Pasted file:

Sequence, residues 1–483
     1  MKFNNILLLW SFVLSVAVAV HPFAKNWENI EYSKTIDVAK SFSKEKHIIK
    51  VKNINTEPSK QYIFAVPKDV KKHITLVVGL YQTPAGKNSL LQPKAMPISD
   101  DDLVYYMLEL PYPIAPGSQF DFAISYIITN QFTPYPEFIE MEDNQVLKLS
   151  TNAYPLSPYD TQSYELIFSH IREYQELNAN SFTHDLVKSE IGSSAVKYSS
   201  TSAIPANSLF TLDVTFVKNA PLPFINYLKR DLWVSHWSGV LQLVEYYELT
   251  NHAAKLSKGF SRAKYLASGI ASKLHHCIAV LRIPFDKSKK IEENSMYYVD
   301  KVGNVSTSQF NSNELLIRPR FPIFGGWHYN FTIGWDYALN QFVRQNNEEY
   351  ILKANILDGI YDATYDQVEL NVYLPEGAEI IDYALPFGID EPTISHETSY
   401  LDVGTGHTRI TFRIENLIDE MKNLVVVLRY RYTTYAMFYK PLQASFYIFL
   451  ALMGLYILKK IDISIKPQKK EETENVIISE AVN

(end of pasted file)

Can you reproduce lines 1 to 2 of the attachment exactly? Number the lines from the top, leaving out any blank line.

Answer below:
Sequence, residues 1–483
     1  MKFNNILLLW SFVLSVAVAV HPFAKNWENI EYSKTIDVAK SFSKEKHIIK